9500 to 8000 BCE
Göbekli Tepe, located in Turkey, is an ancient archaeological site dating back to around 9500 to 8000 BCE. Based on carbon dating on the soul that covered the site.
It’s famous for its large circular structures with massive stone pillars, making them the world’s oldest known megaliths. These pillars are adorned with carvings of humans and wild animals, offering valuable insights into prehistoric beliefs and culture.
Initially thought to be a religious site used by nomadic hunter-gatherer groups, recent discoveries suggest it might have been a settlement. There is ongoing debate among experts about whether agriculture led people to settle down or if settled living enabled the growth of agriculture. Göbekli Tepe, standing on a rocky mountaintop without clear signs of farming, has been pivotal in this discussion.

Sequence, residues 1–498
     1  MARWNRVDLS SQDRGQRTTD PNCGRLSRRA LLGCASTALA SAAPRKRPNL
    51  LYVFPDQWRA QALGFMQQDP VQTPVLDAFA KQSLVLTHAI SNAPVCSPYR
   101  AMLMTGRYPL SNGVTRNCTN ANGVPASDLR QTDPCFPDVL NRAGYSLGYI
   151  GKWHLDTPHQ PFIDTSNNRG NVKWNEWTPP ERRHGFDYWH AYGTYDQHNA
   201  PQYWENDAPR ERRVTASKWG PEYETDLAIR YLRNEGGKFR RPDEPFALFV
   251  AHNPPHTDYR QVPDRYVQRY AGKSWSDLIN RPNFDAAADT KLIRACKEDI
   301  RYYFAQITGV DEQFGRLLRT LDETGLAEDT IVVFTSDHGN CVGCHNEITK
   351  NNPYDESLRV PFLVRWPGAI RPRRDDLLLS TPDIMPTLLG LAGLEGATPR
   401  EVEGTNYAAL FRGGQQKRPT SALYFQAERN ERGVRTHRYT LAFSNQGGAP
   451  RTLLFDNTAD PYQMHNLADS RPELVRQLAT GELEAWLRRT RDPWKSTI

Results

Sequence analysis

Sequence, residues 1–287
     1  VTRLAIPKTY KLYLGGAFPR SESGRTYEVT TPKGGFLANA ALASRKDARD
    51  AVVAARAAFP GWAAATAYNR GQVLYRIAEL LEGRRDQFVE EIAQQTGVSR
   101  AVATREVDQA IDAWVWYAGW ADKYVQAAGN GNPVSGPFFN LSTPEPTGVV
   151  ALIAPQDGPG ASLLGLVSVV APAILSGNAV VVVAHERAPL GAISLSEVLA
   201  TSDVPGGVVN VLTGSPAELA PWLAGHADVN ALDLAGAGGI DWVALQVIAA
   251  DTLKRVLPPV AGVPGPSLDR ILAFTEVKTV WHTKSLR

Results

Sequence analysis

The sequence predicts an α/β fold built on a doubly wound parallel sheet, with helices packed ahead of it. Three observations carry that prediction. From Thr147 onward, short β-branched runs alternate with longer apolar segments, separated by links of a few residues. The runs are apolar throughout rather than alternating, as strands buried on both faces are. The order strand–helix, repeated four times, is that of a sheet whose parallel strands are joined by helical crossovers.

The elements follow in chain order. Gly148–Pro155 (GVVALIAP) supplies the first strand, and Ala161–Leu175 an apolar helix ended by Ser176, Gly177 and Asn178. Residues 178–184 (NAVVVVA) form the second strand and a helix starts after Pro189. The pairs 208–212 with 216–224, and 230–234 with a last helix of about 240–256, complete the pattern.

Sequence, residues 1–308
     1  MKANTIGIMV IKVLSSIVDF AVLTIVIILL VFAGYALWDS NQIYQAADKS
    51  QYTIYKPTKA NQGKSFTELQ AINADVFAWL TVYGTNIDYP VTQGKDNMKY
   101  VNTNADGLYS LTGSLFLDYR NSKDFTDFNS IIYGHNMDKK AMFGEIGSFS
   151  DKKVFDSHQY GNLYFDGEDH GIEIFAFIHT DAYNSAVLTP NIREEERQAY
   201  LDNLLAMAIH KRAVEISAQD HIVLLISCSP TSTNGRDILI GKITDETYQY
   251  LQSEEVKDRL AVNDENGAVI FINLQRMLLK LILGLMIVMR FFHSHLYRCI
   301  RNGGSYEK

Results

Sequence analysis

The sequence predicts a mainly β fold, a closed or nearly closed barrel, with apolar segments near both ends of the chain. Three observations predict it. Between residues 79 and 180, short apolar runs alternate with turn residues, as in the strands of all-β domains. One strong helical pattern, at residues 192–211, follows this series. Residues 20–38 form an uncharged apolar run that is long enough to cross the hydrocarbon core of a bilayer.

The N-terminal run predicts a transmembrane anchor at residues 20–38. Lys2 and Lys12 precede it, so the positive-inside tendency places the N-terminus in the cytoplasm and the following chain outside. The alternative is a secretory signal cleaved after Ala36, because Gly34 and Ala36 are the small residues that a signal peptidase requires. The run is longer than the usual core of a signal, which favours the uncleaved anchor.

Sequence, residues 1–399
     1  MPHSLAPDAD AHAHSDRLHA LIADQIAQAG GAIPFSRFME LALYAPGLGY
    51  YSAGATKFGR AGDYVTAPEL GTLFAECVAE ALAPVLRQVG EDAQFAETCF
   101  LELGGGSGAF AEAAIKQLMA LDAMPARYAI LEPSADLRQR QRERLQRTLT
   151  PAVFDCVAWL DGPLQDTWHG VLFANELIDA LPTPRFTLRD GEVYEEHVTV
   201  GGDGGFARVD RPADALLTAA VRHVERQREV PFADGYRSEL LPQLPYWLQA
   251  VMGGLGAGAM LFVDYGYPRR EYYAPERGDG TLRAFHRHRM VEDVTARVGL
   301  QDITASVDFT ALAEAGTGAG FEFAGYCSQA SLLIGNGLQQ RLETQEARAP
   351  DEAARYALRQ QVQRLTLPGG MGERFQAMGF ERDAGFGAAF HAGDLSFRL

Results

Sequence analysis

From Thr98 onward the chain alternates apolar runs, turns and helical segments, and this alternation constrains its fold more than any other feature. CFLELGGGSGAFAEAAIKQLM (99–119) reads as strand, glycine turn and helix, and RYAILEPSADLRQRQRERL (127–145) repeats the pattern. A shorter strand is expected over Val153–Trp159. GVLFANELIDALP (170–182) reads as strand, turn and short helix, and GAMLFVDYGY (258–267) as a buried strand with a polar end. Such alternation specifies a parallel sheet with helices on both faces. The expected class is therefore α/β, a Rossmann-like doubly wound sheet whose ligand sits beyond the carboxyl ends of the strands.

The purpose of the site’s megalithic enclosures remains a mystery. Originally considered the world’s first temples, recent studies showed they were filled due to natural events, challenging earlier beliefs about intentional backfilling.
Discovered in 1963, Göbekli Tepe gained significant recognition in 1994 when excavations began. After the original excavator Klaus Schmidt’s death in 2014, the work continued as a joint effort involving Istanbul University, Şanlıurfa Museum, and the German Archaeological Institute, under the direction of Turkish prehistorian Necmi Karul. In 2018, it was designated a UNESCO World Heritage Site for its exceptional architectural significance. Despite its importance, less than 5% of the site had been excavated as of 2021.